Here we go again.
When lawmakers return to Capitol Hill on Sept. 9 after five weeks of summer recess, Americans should brace themselves for a “game of political chicken,” according to Olivier Knox, chief Washington correspondent for Yahoo! News. The two biggest issues facing Congress are raising the nation’s $16.7 trillion borrowing limit and agreeing on a federal budget before Sept. 30. A handful of conservative Republicans led by Senators Mike Lee (R-Utah), Ted Cruz (R-Texas), and Marco Rubio (R-Fla), are threatening a government shutdown if funding for President Obama’s Affordable Care Act is included in a budget resolution. Knox says the Obamacare fight won’t be the issue that will bring Washington to its knees this fall.
“Republicans in Congress are saying quietly that [defunding Obamacare] is a non-starter,” Knox tells The Daily Ticker. “Republicans think an argument about cutting spending even more in return for raising the government’s ability to borrow is a better fight for them then picking one over Obamacare.”
Congress will likely “kick the can down the road” and pass a continuing budget resolution, or temporary spending bill, that keeps the federal government operating for a few months, Knox predicts. Hyper-partisanship has resulted in serious gridlock and inaction and any hopes that the two political parties can sign off on a grand bargain or a breakthrough budget deal are slim to none.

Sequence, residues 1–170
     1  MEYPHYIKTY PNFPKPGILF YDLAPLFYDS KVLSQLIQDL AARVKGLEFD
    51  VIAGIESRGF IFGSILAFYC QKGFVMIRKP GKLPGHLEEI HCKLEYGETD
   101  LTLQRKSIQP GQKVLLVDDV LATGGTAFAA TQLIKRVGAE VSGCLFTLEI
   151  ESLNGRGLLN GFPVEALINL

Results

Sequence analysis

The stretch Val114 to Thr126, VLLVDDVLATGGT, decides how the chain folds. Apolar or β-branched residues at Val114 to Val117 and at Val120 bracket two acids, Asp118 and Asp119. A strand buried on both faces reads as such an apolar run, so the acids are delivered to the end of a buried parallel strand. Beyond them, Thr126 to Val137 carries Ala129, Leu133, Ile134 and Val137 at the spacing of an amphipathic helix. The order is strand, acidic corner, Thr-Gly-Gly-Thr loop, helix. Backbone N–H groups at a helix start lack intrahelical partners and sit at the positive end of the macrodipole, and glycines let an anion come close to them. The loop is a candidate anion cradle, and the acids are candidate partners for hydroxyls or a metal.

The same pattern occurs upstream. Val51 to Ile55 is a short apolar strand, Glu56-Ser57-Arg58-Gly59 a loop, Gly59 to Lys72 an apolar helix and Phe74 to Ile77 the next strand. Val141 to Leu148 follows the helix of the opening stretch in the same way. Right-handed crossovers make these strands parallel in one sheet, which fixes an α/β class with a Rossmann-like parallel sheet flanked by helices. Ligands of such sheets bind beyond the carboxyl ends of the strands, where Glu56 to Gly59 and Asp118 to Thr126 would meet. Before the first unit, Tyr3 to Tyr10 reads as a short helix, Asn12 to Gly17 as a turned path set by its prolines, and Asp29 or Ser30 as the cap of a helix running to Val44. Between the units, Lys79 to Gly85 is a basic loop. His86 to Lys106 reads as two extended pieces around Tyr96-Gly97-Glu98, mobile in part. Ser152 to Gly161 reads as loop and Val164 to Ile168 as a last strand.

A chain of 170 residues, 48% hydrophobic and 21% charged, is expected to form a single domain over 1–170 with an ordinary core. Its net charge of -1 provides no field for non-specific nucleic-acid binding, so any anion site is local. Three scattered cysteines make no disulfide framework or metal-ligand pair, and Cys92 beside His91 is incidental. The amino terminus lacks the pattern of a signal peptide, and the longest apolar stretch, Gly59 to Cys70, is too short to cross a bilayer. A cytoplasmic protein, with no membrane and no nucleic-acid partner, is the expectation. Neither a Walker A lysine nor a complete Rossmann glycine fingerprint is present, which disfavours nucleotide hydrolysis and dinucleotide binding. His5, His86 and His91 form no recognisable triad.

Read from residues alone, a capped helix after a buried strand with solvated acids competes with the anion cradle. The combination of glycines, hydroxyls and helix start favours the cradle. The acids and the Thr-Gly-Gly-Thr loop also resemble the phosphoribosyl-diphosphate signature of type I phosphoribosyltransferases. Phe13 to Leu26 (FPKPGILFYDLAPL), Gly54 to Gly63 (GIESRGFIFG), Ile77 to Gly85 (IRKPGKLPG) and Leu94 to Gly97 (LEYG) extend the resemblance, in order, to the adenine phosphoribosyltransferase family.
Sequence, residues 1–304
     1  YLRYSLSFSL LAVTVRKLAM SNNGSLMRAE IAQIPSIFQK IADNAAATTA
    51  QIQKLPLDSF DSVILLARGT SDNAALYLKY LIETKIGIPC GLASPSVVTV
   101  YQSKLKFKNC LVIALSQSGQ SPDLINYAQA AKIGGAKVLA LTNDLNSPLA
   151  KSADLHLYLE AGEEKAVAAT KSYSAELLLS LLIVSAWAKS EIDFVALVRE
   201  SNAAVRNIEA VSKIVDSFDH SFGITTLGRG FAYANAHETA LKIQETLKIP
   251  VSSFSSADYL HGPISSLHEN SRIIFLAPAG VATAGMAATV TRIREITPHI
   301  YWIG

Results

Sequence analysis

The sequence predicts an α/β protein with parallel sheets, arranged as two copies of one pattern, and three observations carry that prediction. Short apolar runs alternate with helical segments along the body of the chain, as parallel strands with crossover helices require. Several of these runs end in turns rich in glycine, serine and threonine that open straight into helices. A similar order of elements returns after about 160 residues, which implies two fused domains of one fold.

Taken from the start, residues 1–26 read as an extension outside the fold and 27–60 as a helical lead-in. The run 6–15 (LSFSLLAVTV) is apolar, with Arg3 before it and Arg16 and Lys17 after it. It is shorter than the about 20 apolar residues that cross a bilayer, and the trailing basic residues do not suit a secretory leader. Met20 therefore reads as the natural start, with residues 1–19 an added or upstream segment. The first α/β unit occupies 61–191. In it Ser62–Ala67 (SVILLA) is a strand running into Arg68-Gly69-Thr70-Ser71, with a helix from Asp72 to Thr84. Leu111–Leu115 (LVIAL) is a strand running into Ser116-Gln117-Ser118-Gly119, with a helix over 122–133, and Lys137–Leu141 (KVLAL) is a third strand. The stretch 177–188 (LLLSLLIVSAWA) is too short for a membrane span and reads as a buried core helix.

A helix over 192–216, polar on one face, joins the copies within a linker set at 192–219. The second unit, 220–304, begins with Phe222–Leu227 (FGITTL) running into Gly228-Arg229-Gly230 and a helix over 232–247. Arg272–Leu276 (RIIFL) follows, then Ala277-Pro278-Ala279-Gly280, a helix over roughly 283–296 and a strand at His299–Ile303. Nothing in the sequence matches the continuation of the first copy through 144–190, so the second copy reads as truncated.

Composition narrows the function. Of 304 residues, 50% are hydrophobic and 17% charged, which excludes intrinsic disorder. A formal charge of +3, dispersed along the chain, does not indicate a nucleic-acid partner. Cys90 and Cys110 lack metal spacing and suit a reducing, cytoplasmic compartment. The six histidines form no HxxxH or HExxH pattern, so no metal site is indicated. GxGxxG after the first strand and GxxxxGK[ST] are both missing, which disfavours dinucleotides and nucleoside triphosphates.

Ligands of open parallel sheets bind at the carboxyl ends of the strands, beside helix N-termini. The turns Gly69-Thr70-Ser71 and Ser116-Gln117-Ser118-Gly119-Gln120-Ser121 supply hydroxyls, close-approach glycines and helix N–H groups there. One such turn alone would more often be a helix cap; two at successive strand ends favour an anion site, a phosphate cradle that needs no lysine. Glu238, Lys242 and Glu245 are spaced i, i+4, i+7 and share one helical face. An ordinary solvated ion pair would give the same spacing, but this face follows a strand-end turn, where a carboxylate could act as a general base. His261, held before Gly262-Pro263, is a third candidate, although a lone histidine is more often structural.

Republicans are betting that President Obama and Congressional Democrats will eventually capitulate on the spending cuts and tax reform proposals the GOP is pushing in exchange for increasing the debt ceiling. Last month, House Speaker John Boehner (R-Ohio) said no debt ceiling deals would be made “without real cuts in spending” to the federal deficit.
The last time Republicans and the White House battled over the debt ceiling was August 2011 and “no one is eager to repeat that fight,” says Knox. Still, this issue “has a much higher likelihood of generating an actual shutdown… and honestly I’m not sure today who will blink first,” Knox admits.
The non-profit research group Bipartisan Policy Center estimates that the U.S. will no longer be able to pay its bills between mid-October and mid-November unless Congress raises the borrowing limit.
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